The electronically stored images are retrievable by use of a data cord and a computer. In an alternative embodiment the data is transmitted to a computer through a wireless device such as by IR, RF, Bluetooth or traditional wireless networking technology. Once linked, the computer can access digital replicas of the images located optically on the substrate.
Turning to FIG. 1, a memory device 10 has a wafer fiche 12 that holds documents of data and is made in accordance with States patent application Ser. No. 11/956,911 filed Dec. 14, 2007, the contents of which are incorporated by reference. Also included in the device is a memory 14 which may be any suitable type, including and not limited to a flash memory, eprom, eeprom, or a miniature disk drive. The memory 14 has IN/OUT connections lines 16 coupled to an I/O plug 18. The I/O plug may be a conventional universal serial bus connector. The same documents or data are stored on the wafer fiche 12 and the memory 14. If a user wants to quickly access the stored data, the user connects the I/O connector 18 to a suitable computer (not shown) which uses a conventional memory access program to read the memory 14. If for any reason the memory 14 is corrupted or otherwise not accessible, the wafer fiche 12 holds an archive copy of the documents or data. The wafer fiche is read by an optical reader and the results can either be stored in the memory 14 or a new memory can be substituted in case memory 14 is inoperative or otherwise impaired.
Turning to FIG. 2, a memory device 10 has a wafer fiche 32 that holds documents of data and is made in accordance with States patent application Ser. No. 11/956,911 filed Dec. 14, 2007. Also included on the wafer fiche 32 is a memory 34 which may be any suitable type, including and not limited to a flash memory, eprom, eeprom, or any other type of memory that can be manufactured on the silicon wafer. The memory 36 has IN/OUT connections lines 36 coupled to an I/O plug 38. The I/O plug may be a conventional universal serial bus connector. The same documents or data are stored on the wafer fiche 32 and the memory 34. If a user wants to quickly access the stored data, the user connects the I/O connector 38 to a suitable computer (not shown) which uses a conventional memory access program to read the memory 34. If for any reason the memory 14 is corrupted or otherwise not accessible, the wafer fiche 32 holds an archive copy of the documents or data. The wafer fiche is read by an optical reader and the results can either be stored in a new memory formed on a new wafer fiche which is processed to hold a copy of the original archived documents or data.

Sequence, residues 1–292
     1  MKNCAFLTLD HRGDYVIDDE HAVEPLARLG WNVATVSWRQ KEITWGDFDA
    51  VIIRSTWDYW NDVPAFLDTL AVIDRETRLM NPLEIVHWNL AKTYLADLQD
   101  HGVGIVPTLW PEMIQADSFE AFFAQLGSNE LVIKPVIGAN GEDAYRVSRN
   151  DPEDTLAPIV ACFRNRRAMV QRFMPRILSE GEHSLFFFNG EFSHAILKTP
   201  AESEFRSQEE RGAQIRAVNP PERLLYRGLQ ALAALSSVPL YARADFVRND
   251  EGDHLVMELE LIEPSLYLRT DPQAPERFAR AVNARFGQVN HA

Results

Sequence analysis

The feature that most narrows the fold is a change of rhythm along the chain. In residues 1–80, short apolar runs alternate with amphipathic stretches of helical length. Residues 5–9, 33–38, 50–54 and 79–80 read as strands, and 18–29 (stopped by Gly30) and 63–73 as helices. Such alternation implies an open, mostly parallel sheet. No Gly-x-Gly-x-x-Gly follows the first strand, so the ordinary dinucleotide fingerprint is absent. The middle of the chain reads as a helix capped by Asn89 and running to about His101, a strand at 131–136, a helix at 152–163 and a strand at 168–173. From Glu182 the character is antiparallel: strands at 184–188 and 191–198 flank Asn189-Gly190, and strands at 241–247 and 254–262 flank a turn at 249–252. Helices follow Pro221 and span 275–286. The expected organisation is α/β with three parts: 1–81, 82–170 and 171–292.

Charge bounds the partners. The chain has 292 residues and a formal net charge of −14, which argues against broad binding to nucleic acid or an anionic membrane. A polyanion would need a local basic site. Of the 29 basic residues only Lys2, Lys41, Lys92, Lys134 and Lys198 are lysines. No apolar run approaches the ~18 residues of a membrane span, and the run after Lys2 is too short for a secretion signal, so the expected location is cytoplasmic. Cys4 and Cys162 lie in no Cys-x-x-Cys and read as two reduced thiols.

Those skilled in the art understand that the memory devices 10, 30 can be networked and thus are always accessible to users. As such, documents and data normally sent to long term, off-site storage, can be retained and are accessible anytime. The embodiments of the invention virtually eliminate the need for off-site storage of documents. With the embodiments of the invention all records can be retained at the customary place of business. The embodiments of the invention provide not only archival storage and long term durability of documents and data, but also short term rapid access to those documents and data. As such, one paper records are stored on the combined wafer fiche and memory and the paper copies can be destroyed or recycled. This feature of the invention saves resources by recycling paper so that fewer trees are harvested for paper and fewer warehouses are needed to store paper records.
While the invention has been described with reference to preferred embodiments, it will be understood by those skilled in the art that various changes may be made and equivalents may be substituted for elements thereof to adapt to particular situations without departing from the scope of the invention. Therefore, it is intended that the invention not be limited to the particular embodiments disclosed as the best mode contemplated for carrying out this invention, but that the invention will include all embodiments falling within the scope and spirit of the appended claims.
Patent applications in class Detachable memory
Patent applications in all subclasses Detachable memory